Washington D.C.’s Cell Phone-Use & Texting-While-Driving Laws

Read about the District of Columbia’s distracted driving laws and the costs of a violation.

Washington D.C.'s distracted driving laws contain cell phone and text-messaging restrictions that apply to all drivers. This article gives an overview of specifically what the laws prohibit and the penalties you'll face for a texting or cell phone ticket in the District of Columbia.

D.C.'s Texting and Cell Phone Restrictions for All Drivers

In Washington D.C., it's illegal for all motorists to use a cell phone or other electronic device that's not equipped with a hands-free accessory while operating a moving vehicle.

Cell phone and electronic device use. For purposes of the distracted driving laws, "use" means:

  • talking on the phone or placing or receiving a call, or
  • using a device to compose, send, receive, or read a written message or image using a text-based communication system.

Hands-free accessories. A "hands-free accessory" doesn't necessarily need to be an accessory that's apart from the phone itself. Using any technology—whether an add-on or a built-in feature—that allows the driver to keep both hands on the wheel is permissible.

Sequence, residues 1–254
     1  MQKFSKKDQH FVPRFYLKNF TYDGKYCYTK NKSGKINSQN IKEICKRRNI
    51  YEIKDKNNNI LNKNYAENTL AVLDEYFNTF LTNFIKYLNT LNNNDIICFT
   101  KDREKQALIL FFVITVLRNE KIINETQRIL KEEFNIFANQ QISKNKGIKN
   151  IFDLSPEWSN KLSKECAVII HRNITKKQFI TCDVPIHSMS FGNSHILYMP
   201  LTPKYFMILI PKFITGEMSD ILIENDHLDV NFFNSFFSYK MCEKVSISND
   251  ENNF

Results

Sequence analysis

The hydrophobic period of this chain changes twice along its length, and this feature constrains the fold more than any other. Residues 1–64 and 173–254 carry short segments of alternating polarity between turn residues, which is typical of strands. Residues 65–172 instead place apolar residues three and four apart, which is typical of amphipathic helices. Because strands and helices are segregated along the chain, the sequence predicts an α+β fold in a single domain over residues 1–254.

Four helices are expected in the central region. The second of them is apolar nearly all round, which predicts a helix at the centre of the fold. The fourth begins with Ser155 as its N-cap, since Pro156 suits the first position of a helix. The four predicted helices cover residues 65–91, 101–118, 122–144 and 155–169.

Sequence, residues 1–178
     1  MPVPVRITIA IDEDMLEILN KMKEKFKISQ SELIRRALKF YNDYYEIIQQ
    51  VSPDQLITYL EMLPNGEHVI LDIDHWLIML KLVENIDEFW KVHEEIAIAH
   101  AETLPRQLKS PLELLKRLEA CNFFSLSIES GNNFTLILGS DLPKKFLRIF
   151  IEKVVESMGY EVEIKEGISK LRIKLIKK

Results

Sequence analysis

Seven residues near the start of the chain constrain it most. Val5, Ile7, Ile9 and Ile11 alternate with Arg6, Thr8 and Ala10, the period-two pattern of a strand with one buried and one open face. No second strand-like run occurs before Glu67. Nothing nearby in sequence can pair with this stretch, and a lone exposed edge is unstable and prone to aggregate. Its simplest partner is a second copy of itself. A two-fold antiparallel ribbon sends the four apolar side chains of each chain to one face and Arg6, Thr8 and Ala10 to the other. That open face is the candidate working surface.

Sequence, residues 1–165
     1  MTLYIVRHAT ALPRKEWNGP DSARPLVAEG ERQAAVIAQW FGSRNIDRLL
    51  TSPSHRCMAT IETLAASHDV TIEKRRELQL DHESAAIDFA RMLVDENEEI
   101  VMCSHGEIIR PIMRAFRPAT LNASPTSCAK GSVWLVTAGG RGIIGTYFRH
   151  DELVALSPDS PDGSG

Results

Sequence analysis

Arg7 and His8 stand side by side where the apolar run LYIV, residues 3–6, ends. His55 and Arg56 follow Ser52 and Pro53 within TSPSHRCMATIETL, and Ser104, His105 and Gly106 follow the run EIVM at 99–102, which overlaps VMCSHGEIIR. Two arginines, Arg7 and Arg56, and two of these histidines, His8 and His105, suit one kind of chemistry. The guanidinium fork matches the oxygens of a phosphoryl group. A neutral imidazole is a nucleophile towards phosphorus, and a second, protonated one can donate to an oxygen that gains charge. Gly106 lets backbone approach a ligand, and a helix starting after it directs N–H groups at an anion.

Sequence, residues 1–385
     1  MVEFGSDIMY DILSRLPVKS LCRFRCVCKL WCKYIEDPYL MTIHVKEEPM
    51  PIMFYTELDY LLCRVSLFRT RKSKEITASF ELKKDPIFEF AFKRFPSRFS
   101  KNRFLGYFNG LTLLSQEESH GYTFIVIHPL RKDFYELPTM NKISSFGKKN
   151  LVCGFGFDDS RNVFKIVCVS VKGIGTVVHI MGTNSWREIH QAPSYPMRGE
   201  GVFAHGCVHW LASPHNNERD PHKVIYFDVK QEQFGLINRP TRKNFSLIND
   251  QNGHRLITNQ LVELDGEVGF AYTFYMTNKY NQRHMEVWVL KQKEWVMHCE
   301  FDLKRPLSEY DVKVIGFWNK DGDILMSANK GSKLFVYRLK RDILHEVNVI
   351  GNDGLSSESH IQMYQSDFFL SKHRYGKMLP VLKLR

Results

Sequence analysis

Exceptions. The distracted driving laws don't apply to:

  • emergency use of a cell phone, including calls to 9-1-1, 3-1-1, a hospital, an ambulance service provider, or law enforcement
  • use of a cell phone by law enforcement or other emergency service providers in the performance of official duties, or
  • initiating or terminating a call or turning on or off a cell phone.

D.C.'s Distracted Driving Restrictions for School Bus Drivers and Drivers With Learner's Permits

School bus drivers and drivers with learner's permits are entirely banned from texting and cell phone use while operating a vehicle that's in motion—regardless of whether they use hands-free accessories. The only exception for these drivers is using a cell phone to make an emergency call.

Penalties for Distracted Driving Violations in Washington D.C.

For most distracted driving tickets, the driver is looking at a $100 fine. However, first offenders can avoid having to pay the fine by providing proof of acquiring a hands-free accessory.

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